Chuck Dixon, the creator of Bane, and an all around comic book legend saw his Alt-Hero: Q crowdfunding campaign shutdown by IndieGoGo on Thursday without any kind of explanation.
We reached out to Dixon to get his thoughts on the matter and one thing is clear. He’s determined. Dixon already has the entire first issue scripted and a good chunk of the second issue. The series is expected to be six issues long with each issue being 24 pages. The entire story will eventually get collected into a graphic novel.
Dixon told us, “I’ll do my work on this project if I have to write it for free.”
He believes the campaign was shut down due to “politics.” And he doesn’t think this will be the last time independent creators who have differing politics will be targeted. We asked him if he believes further moves will be made against creators because of their politics. Dixon responded, “Absolutely. The left will weaponize anything to shut down free speech.”
Dixon did tell us that he will keep using IndieGoGo for other projects he is working on.
“Well, I’m used to being blacklisted. And I suppose IGG can do more. But we received funds on my other projects so they will continue on.”
However, he did note that IndieGoGo denied the funds for Alt-Hero: Q. But once again he showed his determination to get this project completed.
“Qanon will have to be completed by other means as the funds we raised have been denied us. But it WILL be completed. This is a speed bump.”
Dixon is working on a number of different projects besides Alt-Hero: Q. He’s working on Trump’s Space Force with Timothy Lim, Mark Pellegrini, and Brett R. Smith. He’s also working on Ravage: Kill All Men with Benjamin L. Henderson and artists Jimbo Salgado and Bryan Arfel Magnaye. He’s reviving Jungle Comics with Kelsey Shannon and Antarctic Press. He’s also still working on Arkhaven Comics’ Avalon. Not to mention he has his own novel series.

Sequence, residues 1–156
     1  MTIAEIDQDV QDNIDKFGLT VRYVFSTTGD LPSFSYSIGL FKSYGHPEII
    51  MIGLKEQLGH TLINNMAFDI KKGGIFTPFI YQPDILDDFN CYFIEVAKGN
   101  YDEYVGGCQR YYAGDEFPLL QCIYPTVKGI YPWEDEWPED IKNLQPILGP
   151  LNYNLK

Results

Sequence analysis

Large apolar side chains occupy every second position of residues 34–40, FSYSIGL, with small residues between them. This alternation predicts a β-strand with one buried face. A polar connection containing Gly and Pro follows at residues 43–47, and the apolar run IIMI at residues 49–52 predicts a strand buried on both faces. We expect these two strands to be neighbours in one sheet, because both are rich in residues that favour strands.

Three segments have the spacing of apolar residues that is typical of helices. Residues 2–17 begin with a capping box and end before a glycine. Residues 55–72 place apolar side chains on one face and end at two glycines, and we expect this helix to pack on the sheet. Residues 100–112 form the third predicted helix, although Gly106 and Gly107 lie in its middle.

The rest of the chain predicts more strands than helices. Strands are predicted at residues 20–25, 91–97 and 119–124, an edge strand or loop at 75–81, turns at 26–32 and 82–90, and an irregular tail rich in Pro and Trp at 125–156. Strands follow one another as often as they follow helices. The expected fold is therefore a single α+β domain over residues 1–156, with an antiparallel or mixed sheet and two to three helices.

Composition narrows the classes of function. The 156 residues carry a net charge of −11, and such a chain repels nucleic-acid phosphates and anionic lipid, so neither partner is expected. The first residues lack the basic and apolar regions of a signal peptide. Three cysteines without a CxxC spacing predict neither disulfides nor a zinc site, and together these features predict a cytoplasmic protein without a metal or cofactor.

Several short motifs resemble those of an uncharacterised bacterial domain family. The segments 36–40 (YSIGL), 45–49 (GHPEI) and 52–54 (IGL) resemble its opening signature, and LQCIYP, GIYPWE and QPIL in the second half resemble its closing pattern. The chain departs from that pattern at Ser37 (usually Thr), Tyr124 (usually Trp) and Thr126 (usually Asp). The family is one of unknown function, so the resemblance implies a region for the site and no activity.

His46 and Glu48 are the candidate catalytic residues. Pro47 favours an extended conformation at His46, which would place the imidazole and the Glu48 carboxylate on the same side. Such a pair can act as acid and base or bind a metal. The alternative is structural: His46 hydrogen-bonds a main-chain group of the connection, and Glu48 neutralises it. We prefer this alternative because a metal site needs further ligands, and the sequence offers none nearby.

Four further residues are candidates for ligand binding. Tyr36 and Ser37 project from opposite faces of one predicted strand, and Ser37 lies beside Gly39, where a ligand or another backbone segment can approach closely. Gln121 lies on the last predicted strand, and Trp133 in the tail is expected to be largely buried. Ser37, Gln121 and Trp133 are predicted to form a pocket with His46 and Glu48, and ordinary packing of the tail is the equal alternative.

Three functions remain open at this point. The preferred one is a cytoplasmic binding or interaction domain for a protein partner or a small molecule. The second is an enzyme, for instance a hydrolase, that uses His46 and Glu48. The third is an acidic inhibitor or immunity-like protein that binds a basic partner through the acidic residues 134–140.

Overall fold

Dixon is more than likely right that this won’t be the last time that a social media, crowdfunding, or payment platform targets an individual or even a company because of their politics. Alex Jones and Infowars were deplatformed from almost all forms of social media earlier this year. Roosh Valdizeh put Return of Kings on hiatus due to being deplatformed on PayPal. Twitter seemingly bans people on a whim.
And this type of behavior does work as Motherboard points out. Juan Donovan of Data Society notes:
“We’ve been running a research project over last year, and when someone relatively famous gets no platformed by Facebook or Twitter or YouTube, there’s an initial flashpoint, where some of their audience will move with them. But generally the falloff is pretty significant and they don’t gain the same amplification power they had prior to the moment they were taken off these bigger platforms.”
It’s definitely a tool that can be used to target your political opponents and it definitely looks like that is what IndieGoGo has done.